Traveling is a great experience on so many fronts, and it has been part of my life for many years. I love to see new places, meet new people, and learn a few things along the way about history, food—or even how to use a digital camera. Still, it was with some hesitation that I accepted an invitation from an old friend to take an Alaskan cruise this summer. Why? My husband of 44 years had recently passed away. Chuck and I had traveled all over the United States and Europe, and I assumed my traveling days were over, not the least because it seemed I’d never find somebody compatible to hit the road with again.
Enter Josie. We had lived in the same neighborhood as kids, and went to grammar and high school together. We used to walk to school and home for lunch together. We crossed paths again earlier this year at a planning session for our 50th high school reunion, and it seemed as if we picked up right where we’d left off so many years ago. Her husband had died a few years back and she understood what I was going through. Soon we were planning more than just the reunion.
Our trip started in Buffalo, where we hopped on a plane to JFK, then flew to Seattle. We had an overnight stay there before the cruise, and even in that short time we were able to explore the city a bit. The Space Needle was exciting, as was a nearby park with a space and science museum designed by Frank Gehry. A “Ride the Ducks” bus-boat took us not only around the city but also into the water for a spin around the harbor.
The next day we boarded the cruise ship, setting our watches back three hours and joining a crowd of about 2,200 others. We were part of a smaller group of people traveling together, though I hadn’t met everybody before. That changed quickly, though. We entered a Quest Contest, which is basically a scavenger hunt in which players seek everything from combs to coats, and we all got to know each other. Our team won third place—and blue ribbons with gold medals attached.
Chuck and I had been docents at the Buffalo Zoo, and I still am. So one aspect of the cruise I looked forward to was seeing wildlife. The ship took us as far as Juneau, the capital of Alaska, then sailed down the coast between the U.S. and Canada. We spotted orcas, whales, some hawks, and of course schools of salmon swimming in the beautiful water. At the Macaulay Salmon hatchery we learned about five kinds of salmon found in Alaska. In Juneau we ate at a restaurant where locals dine called the Twisted Fish. It should come as no surprise that we had King salmon, baked on a cedar plank. The fish was delicious and had a unique taste because of the way it was prepared.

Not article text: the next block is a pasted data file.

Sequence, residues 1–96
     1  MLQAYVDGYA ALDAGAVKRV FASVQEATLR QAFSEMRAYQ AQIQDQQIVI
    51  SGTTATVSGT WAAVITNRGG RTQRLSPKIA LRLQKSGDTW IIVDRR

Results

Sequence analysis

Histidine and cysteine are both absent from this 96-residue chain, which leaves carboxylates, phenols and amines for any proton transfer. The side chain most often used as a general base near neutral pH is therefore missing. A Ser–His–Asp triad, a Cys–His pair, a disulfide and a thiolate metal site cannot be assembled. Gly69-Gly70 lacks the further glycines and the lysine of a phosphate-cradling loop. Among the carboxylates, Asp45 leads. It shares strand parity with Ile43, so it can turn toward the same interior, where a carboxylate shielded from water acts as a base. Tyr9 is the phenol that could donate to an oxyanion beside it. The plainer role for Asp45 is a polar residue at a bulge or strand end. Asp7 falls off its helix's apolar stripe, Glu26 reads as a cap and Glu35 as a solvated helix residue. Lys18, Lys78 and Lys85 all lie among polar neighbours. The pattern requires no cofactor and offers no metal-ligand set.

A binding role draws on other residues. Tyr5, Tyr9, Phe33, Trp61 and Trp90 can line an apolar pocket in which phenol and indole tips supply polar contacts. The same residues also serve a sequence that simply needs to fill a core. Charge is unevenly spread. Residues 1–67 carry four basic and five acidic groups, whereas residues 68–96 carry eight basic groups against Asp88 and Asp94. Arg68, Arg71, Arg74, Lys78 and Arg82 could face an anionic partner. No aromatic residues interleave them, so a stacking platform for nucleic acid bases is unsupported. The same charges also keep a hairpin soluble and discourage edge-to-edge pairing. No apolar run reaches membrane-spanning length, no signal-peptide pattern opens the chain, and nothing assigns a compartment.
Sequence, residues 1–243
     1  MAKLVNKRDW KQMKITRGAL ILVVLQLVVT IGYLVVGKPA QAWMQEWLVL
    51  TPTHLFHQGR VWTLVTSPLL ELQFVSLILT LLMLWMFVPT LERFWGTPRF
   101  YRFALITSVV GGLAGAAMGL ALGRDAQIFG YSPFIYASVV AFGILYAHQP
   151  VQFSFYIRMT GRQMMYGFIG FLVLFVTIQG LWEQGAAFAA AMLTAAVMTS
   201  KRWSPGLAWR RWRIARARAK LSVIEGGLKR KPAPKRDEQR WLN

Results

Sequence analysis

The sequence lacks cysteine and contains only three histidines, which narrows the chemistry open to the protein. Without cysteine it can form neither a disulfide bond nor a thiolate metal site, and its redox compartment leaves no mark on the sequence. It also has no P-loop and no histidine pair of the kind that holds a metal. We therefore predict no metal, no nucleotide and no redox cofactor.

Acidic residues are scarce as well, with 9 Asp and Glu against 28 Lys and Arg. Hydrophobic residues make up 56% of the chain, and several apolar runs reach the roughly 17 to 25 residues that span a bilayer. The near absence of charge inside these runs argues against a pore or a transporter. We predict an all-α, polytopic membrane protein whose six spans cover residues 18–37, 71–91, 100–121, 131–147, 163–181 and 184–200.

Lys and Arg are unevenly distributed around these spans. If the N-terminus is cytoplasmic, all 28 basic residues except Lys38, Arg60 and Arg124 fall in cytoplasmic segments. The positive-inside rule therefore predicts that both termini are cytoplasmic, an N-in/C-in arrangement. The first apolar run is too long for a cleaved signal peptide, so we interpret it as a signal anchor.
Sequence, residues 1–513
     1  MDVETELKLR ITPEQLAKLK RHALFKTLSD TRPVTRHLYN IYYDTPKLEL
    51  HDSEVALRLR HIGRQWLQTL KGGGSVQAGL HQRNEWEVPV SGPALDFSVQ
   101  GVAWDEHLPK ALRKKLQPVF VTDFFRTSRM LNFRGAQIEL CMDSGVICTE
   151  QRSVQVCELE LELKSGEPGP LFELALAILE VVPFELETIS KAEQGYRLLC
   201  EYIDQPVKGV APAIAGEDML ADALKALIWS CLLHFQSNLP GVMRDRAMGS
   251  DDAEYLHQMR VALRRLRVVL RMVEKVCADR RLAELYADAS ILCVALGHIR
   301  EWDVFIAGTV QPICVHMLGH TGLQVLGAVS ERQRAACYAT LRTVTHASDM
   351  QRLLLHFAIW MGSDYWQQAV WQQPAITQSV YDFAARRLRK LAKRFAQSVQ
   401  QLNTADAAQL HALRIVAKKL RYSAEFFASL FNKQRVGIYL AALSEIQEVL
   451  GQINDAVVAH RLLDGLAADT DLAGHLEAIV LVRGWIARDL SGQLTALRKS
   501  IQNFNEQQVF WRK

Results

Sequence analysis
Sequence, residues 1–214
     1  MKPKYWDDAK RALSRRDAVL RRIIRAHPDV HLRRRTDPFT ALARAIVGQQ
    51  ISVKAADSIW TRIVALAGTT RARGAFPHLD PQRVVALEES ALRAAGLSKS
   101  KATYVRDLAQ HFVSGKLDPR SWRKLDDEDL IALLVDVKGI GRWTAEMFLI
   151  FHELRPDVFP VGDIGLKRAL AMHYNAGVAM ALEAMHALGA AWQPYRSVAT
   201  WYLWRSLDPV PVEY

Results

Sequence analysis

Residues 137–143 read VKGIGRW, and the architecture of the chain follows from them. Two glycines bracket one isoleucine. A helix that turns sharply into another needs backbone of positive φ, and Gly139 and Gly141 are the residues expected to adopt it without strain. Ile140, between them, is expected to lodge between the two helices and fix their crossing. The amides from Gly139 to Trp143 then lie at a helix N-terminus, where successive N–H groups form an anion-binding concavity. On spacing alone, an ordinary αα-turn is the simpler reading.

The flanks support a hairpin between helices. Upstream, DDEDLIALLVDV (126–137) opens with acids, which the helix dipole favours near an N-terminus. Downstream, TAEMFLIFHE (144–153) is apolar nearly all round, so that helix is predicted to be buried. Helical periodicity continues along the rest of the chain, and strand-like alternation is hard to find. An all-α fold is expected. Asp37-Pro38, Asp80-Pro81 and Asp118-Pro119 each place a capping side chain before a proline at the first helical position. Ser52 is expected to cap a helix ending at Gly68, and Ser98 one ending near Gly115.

The next spot on the cruise was the Mendenhall Glacier, which has melted down so much because of global warming that people were walking on the glacier floor. Along the way the scenery was breathtaking, with low-hanging clouds embracing the mountains in mystical glory.
The cruise continued on to Skagway, just north of Juneau. Here we boarded the White Pass and Yukon Route train to take us to the Klondike. The guide told us how 35,000 men had built the railway at a cost of $10 million, but that only 35 died in the process. When it was constructed in 1898 it had the tallest cantilever bridge of its era. The route has 110 miles of track, hairpin turns, and no shoulder. The train flew through twists, turns, and pitch-black tunnels. At one point we passed the Continental Divide, where the water flows in two different directions. When we got back to the ship that night we had lobster, shrimp, and salmon for dinner. A Broadway review afterwards kept things hopping.
The next day we sailed into Tracy Arm Fjord. A geologist on board gave a great presentation, telling us how our ship had passed over three minor faults en route from Seattle to Juneau. We were thrilled with the balmy, clear weather, which meant we had no need for gloves, hats, scarves, or umbrellas.
Prince Rupert was a tiny little town not far from our last port-of-call. Upon leaving the boat we had the option of shopping, eating lunch, or canoeing. We decided on a little shopping to take it easy, as we were a bit tired at that point. The next day was spent packing, and hitting the casino, Internet café, and the beautiful paneled library on board. I stopped in a bistro for a cappuccino and bought a purse on sale from an onboard store. That night we saw a hilarious comedian, Etta Ray. And there were still so many things to do: hit the spa, join in on some karaoke, take a swim in one of the pools, shake it up in the disco, or just eat, eat, and eat.
During our final day on the ship, the cruise staff put on a thrilling display of flags from the 35 countries represented by travelers on board. And on our last night we watched from the decks as the sun set over the beautiful pine-tree covered mountains bathed in clouds and mist.
Josie and I were so glad we took the cruise that we’re already planning a trip to Vermont after our reunion next month, and we’re looking forward to telling our classmates about our adventures in Alaska. Which reminds me of an old saying: “Make new friends but keep the old, one is silver and the other gold.” All I can say is, traveling with an old friend to see new things and meet new people was a wonderful, healing experience. I highly recommend it.
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